Making A Raised or Standing Pie
To raise a pie well requires considerable practice; it is best done by putting one hand in the middle of the crust, and keeping the other close on the outside till you have worked it into the round or oval shape required: the lid is then to be rolled out. An unpractised hand will, however, do better to roll the paste of a good thickness, and cut out a long piece for the circle of the pie, to be joined with egg as a hoop, then cut two pieces for the top and bottom: these are to be cemented with egg, the bottom being brought out and pinched over: fill the pie, and pinch on the lid: or, if the crust be for a standing pie, line it with paper, fill it with bran, and bake it and the lid separately.
Christmas Standing Pie Recipe
Makes 4 Christmas Standing Pies – however you could make it as one very large pie
For the hot water crust
- 900g Plain White Flour
- 140g Lard
- 140g Butter
- 200ml Water
- 200ml Milk
- 2 tsp Sea Salt
- 1 Egg beaten (to glaze the pie crusts)
For the pie filling
- 1 kg of minced lamb
- 100g of currants
- 100g sultanas
- 200g apples (peeled, cored and chopped small)
- 100g soft brown sugar (demerara)
- 2 tsp sea salt
- 1 tsp mixed ground spice
- 1/2 tsp ground nutmeg
- 2 tbsp Rum
For The Pastry: Sift the flour and salt into a bowl, making a well in the centre. Place the water, milk, butter and lard into a saucepan, when the butter and lard have melted bring just to the boil, skim off any impurities from the top. Pour the hot mixture into the centre of the flour.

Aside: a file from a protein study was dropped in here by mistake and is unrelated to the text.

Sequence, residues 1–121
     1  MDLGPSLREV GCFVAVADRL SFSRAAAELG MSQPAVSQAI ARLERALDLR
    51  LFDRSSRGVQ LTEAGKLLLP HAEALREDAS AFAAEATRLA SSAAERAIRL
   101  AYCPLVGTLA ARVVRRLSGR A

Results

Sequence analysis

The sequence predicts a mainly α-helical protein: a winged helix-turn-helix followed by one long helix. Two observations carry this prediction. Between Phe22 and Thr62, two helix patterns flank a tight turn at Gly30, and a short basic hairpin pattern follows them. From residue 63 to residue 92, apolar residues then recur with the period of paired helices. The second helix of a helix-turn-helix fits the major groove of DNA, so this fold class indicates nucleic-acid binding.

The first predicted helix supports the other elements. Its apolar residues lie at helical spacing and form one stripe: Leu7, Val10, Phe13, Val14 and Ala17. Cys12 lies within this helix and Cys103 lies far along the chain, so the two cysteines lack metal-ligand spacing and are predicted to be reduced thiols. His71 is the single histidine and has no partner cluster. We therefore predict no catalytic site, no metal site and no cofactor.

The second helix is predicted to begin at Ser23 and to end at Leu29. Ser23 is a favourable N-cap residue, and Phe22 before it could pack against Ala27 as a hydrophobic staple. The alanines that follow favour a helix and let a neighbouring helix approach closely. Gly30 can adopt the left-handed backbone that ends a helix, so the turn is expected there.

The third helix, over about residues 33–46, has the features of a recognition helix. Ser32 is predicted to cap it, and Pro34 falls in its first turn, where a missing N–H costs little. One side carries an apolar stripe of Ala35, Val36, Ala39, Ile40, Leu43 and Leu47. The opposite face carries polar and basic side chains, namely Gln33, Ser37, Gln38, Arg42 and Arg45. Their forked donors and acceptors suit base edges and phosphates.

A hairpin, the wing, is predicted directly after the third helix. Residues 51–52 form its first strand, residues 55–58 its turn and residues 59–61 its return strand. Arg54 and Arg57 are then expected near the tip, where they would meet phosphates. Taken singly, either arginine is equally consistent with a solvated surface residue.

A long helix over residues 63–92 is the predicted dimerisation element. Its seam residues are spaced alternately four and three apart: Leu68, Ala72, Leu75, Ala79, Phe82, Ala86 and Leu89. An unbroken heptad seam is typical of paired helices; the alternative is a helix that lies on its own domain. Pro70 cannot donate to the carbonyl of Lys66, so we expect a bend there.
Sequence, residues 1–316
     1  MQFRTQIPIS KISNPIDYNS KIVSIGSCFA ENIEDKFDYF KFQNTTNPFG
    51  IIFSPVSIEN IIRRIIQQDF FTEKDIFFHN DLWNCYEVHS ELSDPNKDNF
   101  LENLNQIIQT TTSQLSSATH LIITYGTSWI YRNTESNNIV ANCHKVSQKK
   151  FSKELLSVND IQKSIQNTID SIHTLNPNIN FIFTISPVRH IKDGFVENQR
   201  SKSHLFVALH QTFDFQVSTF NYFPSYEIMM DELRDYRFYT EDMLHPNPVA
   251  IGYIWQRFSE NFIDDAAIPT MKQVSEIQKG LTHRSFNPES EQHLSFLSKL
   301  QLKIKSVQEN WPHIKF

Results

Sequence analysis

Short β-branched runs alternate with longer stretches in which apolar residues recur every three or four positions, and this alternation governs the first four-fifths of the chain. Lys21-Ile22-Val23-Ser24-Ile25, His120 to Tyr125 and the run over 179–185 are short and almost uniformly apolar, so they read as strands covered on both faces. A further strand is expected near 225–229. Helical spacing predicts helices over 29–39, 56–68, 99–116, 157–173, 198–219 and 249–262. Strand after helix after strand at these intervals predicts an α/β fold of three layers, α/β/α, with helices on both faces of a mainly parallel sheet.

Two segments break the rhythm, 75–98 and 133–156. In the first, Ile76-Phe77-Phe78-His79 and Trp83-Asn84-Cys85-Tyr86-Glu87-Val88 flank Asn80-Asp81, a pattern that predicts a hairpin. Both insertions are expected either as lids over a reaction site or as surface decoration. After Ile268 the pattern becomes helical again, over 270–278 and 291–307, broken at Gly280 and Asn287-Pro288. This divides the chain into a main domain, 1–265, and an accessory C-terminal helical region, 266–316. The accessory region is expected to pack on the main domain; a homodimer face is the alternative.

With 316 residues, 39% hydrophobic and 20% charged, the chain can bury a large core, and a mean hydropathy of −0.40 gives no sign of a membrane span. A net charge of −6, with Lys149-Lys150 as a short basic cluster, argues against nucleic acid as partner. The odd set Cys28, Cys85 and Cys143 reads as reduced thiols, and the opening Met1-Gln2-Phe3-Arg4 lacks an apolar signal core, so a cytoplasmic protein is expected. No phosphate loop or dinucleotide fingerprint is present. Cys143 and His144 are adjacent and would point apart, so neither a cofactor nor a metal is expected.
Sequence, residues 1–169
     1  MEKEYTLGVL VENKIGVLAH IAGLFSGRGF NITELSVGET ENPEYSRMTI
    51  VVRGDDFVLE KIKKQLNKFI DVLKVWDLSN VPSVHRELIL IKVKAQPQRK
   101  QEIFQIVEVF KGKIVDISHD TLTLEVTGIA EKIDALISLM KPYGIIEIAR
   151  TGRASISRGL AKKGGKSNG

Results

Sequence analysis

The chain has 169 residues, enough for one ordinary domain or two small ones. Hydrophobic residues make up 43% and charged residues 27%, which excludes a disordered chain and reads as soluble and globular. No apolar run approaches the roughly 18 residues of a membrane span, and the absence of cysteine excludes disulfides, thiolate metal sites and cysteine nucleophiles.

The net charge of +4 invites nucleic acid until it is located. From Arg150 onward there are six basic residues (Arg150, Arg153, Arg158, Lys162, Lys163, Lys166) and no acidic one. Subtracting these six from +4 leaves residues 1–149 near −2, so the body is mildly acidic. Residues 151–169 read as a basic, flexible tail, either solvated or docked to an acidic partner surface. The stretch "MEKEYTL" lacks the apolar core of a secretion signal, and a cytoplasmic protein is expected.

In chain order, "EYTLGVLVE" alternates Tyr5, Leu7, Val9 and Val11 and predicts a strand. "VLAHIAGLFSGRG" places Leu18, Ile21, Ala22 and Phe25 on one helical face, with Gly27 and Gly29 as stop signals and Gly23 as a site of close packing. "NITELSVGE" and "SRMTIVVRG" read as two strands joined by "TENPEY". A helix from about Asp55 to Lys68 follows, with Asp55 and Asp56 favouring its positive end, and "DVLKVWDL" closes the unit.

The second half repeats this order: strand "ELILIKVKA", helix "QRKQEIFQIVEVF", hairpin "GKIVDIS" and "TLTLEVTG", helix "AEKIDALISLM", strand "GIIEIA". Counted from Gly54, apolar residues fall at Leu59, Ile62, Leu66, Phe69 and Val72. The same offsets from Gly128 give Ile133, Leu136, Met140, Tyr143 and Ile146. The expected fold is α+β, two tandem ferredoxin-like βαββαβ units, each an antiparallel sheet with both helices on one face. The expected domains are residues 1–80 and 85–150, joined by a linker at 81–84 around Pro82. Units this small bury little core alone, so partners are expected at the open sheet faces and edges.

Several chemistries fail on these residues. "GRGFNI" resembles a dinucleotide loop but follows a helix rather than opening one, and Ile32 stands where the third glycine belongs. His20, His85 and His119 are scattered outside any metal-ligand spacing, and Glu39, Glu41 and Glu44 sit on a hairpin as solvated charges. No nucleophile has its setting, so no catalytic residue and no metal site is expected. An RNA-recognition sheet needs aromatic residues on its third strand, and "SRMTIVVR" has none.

Working very quickly, mix with a wooden spoon. Then knead with hands to produce a smooth but stiff dough – add more flour if it is a little sticky. Cover and leave to cool for 30 minutes. This pastry must be used whilst still room-temperature, otherwise it will become brittle and hard to mould.
For The Pie Filling: If using lamb or mutton steaks chop them up very small. Peel, core and chop the apples up small. In a large mixing bowl add all the pie filling and mix thoroughly so that there are no clumps.
Making The Christmas Standing Pie
Keep the part of the pastry not being worked on covered to prevent it cooling and hardening before use. Care must be taken during the shaping so that cracks do not appear in the pastry through which the liquid from the pie filling can escape.